Published: 03rd October 2020
'Peanuts' celebrates 70th anniversary by donating murals for kids to paint in 70 children's hospitals
The beloved comic celebrates its 70th anniversary this week with new lesson plans, the announcement of a new TV show and donating Peanut murals for kids to paint
The virus pandemic won't stop Charlie Brown, Snoopy or the Peanuts gang from marking an important birthday and they're hoping to raise the spirits of sick kids while they celebrate. The beloved comic celebrates its 70th anniversary this week with new lesson plans, the announcement of a new TV show and a philanthropic push that includes donating Peanut murals for kids to paint in 70 children's hospitals around the globe, from Brooklyn to Brazil.
When kids see the familiar face of Snoopy, they feel like they are at home watching the cartoon," said Dr Kusum Viswanathan, who heads the pediatrics department at Brookdale University Hospital Medical Center in New York. "I think it'll really help in positive coping and distraction. It makes the environment very comfortable, as opposed to being very stiff and professional. The 4-foot-8-inch wide by 4-foot-1-inch high murals have been sent to participating hospitals in six pieces, along with smocks, brushes and paints in 13 colours.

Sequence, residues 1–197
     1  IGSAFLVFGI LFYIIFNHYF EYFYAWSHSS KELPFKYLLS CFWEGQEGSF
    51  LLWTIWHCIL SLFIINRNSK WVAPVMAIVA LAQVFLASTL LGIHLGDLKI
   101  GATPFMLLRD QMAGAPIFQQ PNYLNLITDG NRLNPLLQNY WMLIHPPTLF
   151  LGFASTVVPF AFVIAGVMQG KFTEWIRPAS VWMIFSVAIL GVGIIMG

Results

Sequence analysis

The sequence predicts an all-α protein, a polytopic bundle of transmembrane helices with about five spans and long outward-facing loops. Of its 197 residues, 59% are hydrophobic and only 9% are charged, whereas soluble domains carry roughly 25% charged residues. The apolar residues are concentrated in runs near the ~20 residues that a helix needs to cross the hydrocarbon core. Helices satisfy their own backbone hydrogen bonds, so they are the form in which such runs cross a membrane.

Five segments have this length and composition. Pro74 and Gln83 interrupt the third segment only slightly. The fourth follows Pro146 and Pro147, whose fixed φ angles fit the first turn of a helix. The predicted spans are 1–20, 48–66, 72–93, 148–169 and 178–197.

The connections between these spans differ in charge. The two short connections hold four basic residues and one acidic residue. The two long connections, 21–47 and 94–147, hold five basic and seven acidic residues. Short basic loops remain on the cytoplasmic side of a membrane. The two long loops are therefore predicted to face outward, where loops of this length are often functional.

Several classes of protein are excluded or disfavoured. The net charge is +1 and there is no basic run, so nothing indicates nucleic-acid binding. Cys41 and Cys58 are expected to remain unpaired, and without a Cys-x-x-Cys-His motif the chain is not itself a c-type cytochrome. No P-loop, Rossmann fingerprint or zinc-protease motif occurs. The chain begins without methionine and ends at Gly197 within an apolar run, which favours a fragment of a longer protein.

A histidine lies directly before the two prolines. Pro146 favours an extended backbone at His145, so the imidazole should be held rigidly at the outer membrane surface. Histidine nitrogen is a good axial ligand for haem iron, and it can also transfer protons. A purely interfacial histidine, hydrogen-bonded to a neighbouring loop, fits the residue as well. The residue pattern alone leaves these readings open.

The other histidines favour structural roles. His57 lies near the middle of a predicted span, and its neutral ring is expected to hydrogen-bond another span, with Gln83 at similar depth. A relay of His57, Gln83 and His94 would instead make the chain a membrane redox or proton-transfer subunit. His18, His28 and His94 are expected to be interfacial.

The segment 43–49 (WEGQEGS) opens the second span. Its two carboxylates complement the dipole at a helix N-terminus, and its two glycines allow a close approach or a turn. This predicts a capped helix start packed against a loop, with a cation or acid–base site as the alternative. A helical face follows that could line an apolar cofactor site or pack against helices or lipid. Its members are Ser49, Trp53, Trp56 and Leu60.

Children and hospital staffers are encouraged to paint the easy-to-follow templates, a diversion that gains even more importance during coronavirus restrictions. The initiative is being welcomed at the CHOC Children's Hospital in Orange, California, where the virus pandemic has shut down the playrooms and cut back on starry, well-wishing visitors, like baseball star Mike Trout. There's really nothing to look forward to so I thought even just painting something like this at bedside is going to really truly mean something, especially during this time, said Amber Chavez, the special programs coordinator.
The finished murals show an image of Snoopy and Woodstock sharing a laugh atop his red doghouse. It's co-sponsored by Peanuts Worldwide and the Foundation for Hospital Art. They hope the custom murals bring a smile to worried families. Art is always very therapeutic, Viswanathan said. Any child who comes even if a child comes for a regular check-up it's always a slightly scary event and I think it helps patients feel a sense of normalcy.